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Riches to Rags Every Month? The Fall in Consumption Expenditures Between Paydays

Author

Listed:
  • Huffman, David B.

    () (University of Pittsburgh)

  • Barenstein, Matias

    (affiliation not available)

Abstract

This paper finds declining consumption expenditure between paydays, for a typical household in the working population of the UK. The magnitude is inconsistent with exponential time preference, but compatible with quasi-hyperbolic discounting. However, the hyperbolic model predicts that credit constraints drive the decline, and we find only mixed evidence in this regard. We also observe a method-of-payment result that suggests a role for mental accounting: households choose declining cash spending but flat credit-card spending over the pay period. We propose an alternative explanation for the results, based on cognitive costs of budgeting and perceptual biases, rather than self-control problems.

Suggested Citation

  • Huffman, David B. & Barenstein, Matias, 2004. "Riches to Rags Every Month? The Fall in Consumption Expenditures Between Paydays," IZA Discussion Papers 1430, Institute for the Study of Labor (IZA).
  • Handle: RePEc:iza:izadps:dp1430
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    References listed on IDEAS

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    Cited by:

    1. Emre Ozdenoren & Stephen W. Salant & Dan Silverman, 2012. "Willpower And The Optimal Control Of Visceral Urges," Journal of the European Economic Association, European Economic Association, vol. 10(2), pages 342-368, April.
    2. Ricardo N. Bebczuk, 2008. "Financial Inclusion in Latin America and the Caribbean: Review and Lessons," CEDLAS, Working Papers 0068, CEDLAS, Universidad Nacional de La Plata.
    3. Damon, Amy L. & King, Robert P. & Leibtag, Ephraim S., 2006. "Household Food Expenditures Across Income Groups: Do Poor Households Spend Differently than Rich Ones?," Conference Papers 6643, University of Minnesota, Center for International Food and Agricultural Policy.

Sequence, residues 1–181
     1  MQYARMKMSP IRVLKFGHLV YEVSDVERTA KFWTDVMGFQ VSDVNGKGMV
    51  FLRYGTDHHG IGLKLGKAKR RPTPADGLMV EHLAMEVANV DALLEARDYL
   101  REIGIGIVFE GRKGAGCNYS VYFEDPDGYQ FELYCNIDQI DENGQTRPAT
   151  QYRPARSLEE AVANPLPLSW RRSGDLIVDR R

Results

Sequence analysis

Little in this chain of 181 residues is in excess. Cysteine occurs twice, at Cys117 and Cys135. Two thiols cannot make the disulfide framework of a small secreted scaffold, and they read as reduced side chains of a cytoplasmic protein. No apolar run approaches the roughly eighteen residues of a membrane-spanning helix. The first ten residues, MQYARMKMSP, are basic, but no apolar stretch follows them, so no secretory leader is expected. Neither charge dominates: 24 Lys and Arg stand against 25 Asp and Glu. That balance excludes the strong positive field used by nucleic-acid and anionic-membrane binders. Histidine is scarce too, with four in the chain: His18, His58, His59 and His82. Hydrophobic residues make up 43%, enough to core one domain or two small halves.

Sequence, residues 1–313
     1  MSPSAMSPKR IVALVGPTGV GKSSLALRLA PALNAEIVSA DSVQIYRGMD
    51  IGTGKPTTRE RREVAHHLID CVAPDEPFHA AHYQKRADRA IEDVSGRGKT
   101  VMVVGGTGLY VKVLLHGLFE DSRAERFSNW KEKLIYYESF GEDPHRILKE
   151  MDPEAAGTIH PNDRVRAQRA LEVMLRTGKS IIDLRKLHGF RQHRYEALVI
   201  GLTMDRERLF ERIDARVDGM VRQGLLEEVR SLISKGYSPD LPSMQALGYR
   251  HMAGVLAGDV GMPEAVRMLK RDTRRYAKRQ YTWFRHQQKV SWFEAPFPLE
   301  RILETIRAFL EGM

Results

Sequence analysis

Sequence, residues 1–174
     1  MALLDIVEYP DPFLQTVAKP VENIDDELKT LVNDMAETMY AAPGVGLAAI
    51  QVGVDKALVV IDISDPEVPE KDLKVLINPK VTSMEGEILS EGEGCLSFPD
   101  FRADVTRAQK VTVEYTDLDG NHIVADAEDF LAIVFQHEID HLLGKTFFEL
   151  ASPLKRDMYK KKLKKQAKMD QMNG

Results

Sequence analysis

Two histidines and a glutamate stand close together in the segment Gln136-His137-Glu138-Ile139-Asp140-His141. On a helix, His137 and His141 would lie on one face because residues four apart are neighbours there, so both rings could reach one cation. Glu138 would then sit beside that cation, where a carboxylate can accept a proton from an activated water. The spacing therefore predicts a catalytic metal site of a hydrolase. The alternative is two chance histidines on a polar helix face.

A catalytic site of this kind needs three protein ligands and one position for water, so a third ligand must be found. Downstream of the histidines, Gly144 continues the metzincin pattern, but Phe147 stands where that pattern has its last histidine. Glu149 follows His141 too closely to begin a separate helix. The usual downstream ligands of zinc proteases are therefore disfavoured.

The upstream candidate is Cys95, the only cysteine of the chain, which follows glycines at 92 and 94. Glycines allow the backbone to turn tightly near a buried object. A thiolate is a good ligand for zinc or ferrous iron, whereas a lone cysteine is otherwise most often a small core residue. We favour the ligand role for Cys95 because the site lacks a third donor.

4. Damon, Amy L. & King, Robert P. & Leibtag, Ephraim, 2013. "First of the month effect: Does it apply across food retail channels?," Food Policy, Elsevier, vol. 41(C), pages 18-27.
    5. Emre Ozdenoren & Stephen Salant & Dan Silverman, 2006. "Willpower and Optimal Control of Visceral Urges," Levine's Working Paper Archive 122247000000001355, David K. Levine.
    6. Marques Benton & Stephan Meier & Charles Sprenger, 2007. "Overborrowing and undersaving: lessons and policy implications from research in behavioral economics," Public and Community Affairs Discussion Papers 2007-4, Federal Reserve Bank of Boston.

    More about this item

    Keywords

    reference-dependent preferences; mental accounting; payday; hyperbolic-discounting; consumption; credit cards;

    JEL classification:

    • B49 - Schools of Economic Thought and Methodology - - Economic Methodology - - - Other
    • D11 - Microeconomics - - Household Behavior - - - Consumer Economics: Theory
    • D12 - Microeconomics - - Household Behavior - - - Consumer Economics: Empirical Analysis
    • J33 - Labor and Demographic Economics - - Wages, Compensation, and Labor Costs - - - Compensation Packages; Payment Methods

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